Traditionally, treatment of type 2 diabetes went something like this:
You're diagnosed and told to "watch your sugar," or you're told to lose weight and come back in a month, or three months. When you do, usually little has changed, because watching your sugar or trying to lose weight when you've been trying to lose weight for decades but haven't succeeded doesn't do much for most people.
Today things have improved a bit, and you're usually prescribed a blood glucose (BG) meter and told to test a few times a day. But you're not told what to do with that data. If your BG levels have been very high, you might be given some medication right away. And then you're told to come back in a month or two. You might be told to go to diabetes education classes and to see a dietician, or you might not.
When you return for the second visit, you're basically told the same things: lose weight, exercise more, and test a couple of times a day, with no real instruction about what to do with the test results.
I'd like to propose a new paradigm for type 2 diabetes treatment, one that emphasizes intensive testing in the early days after diagnosis, then tapering off as you gain understanding of the disease.
Here's how my plan would work:
1. At the first meeting, you would be told your starting A1c, told what it represents, and given the normal range of A1c, which would be your target. Then you would be given a meter and enough strips to test just twice a day and told to test fasting and two hours after your largest meal of the day. All this information would be written down and handed to you as you left, because you might not remember it. Most of us are so shocked by the diagnosis that we're in a sort of fog for a while.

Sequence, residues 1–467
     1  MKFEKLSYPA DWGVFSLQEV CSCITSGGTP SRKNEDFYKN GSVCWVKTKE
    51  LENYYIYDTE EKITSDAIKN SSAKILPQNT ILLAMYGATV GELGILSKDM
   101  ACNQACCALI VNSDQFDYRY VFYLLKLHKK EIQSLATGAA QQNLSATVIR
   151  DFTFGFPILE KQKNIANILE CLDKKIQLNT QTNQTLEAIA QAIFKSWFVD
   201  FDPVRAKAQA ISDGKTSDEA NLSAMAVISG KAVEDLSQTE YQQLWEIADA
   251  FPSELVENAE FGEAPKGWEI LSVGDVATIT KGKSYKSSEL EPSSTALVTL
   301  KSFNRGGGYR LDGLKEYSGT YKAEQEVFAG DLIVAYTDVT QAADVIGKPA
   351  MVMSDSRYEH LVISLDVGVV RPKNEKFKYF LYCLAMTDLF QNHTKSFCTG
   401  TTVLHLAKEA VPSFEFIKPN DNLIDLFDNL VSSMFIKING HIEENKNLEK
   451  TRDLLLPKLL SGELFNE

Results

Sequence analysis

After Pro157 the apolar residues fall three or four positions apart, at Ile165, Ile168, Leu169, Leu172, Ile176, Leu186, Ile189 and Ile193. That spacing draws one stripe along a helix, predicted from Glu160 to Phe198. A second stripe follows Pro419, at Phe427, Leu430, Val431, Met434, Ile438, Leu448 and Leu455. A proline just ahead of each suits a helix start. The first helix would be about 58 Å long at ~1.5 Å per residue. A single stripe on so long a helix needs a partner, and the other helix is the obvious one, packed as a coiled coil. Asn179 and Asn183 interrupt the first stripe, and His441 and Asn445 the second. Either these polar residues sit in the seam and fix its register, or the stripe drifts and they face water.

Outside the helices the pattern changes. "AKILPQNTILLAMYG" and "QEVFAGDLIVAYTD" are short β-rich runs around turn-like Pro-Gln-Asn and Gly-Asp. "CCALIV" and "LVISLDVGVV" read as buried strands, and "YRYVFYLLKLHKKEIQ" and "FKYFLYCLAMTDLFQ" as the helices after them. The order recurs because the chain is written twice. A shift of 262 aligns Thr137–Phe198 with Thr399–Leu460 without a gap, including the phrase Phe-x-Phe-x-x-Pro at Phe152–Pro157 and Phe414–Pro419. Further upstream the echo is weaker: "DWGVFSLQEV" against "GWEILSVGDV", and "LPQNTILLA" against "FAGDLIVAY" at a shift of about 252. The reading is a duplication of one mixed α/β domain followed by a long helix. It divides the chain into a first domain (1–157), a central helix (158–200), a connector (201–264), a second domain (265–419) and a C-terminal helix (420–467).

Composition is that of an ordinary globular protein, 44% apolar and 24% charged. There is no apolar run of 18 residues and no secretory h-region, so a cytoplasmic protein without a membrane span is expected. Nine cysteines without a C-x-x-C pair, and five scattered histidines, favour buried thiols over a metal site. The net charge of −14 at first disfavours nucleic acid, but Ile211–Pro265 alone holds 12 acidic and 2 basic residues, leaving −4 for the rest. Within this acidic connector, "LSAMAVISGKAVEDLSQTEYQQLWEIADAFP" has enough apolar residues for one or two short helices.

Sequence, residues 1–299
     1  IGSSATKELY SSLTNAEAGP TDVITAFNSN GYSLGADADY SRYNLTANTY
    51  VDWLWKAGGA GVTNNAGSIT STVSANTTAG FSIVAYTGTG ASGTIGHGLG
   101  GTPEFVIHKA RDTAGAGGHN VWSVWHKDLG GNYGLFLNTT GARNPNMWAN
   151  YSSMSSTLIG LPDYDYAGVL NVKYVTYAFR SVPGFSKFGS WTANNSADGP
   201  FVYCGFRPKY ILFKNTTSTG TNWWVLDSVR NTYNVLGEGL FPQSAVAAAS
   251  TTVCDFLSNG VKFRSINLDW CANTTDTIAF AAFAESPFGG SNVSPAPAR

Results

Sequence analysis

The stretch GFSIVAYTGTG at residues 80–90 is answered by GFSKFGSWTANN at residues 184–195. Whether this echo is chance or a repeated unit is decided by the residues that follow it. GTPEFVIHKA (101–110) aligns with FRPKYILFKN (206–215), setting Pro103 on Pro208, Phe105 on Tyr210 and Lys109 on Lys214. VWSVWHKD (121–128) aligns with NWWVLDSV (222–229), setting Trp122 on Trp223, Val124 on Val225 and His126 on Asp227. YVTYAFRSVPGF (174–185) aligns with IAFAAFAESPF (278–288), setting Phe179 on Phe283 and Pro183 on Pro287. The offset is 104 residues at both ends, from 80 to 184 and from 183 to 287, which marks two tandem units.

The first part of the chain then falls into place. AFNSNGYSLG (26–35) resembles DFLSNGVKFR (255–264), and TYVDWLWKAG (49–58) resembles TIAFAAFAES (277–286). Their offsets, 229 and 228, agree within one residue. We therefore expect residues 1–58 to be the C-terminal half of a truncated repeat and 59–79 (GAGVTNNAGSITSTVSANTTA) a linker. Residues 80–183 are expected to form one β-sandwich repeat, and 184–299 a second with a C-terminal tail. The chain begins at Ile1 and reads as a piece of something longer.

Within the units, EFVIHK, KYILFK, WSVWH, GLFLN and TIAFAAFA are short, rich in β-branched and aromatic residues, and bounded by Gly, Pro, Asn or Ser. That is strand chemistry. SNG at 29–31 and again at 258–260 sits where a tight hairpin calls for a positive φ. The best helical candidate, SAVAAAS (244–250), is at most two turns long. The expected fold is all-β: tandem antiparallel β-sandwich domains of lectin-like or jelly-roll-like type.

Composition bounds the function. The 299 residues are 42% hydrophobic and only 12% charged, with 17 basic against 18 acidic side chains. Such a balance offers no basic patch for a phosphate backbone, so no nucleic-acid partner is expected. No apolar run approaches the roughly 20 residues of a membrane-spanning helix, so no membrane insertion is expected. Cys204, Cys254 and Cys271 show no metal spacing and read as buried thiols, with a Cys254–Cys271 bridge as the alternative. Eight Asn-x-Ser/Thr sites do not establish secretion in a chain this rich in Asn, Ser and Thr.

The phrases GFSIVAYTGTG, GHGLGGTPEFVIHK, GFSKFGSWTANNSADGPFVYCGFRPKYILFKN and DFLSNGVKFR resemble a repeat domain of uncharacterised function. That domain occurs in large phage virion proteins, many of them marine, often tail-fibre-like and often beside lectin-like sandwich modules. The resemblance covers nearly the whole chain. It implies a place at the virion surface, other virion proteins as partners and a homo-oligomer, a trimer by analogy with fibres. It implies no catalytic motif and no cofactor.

Of course this isn't intensive, but I think most people are in too much shock right away to do much else to begin with. You might be told to stick with your current diet for a couple of days, testing after meals, so you'd see what happens when you eat the way you've been eating. Then you'd be asked to reduce calories, reduce carbs, reduce fats and notice what changes occurred.
2. Month 2. At the second meeting, about a month later (if you felt you were ready for this earlier, that would be scheduled), you'd start the intensive part of the treatment, with the help of a certified diabetes educator (CDE). First you'd be asked if you were willing to do a little work in order to gain control over your diabetes. The CDE would explain that it would involve a lot of record keeping, but if you used the results to modify your diet and exercise patterns in the way that worked best for you, you might be able to avoid taking drugs, or you might have to take fewer drugs than if you didn't do so.
The CDE would provide you with a continuous glucose monitor. Your insurance would pay a small rental fee for the monitor, as well as paying for a month's worth of sensors. The CDE would show you how to insert the sensor for the monitor and would instruct you to write down everything you ate, every bit of exercise you did, and every stressful event or sickness that occurred during the month.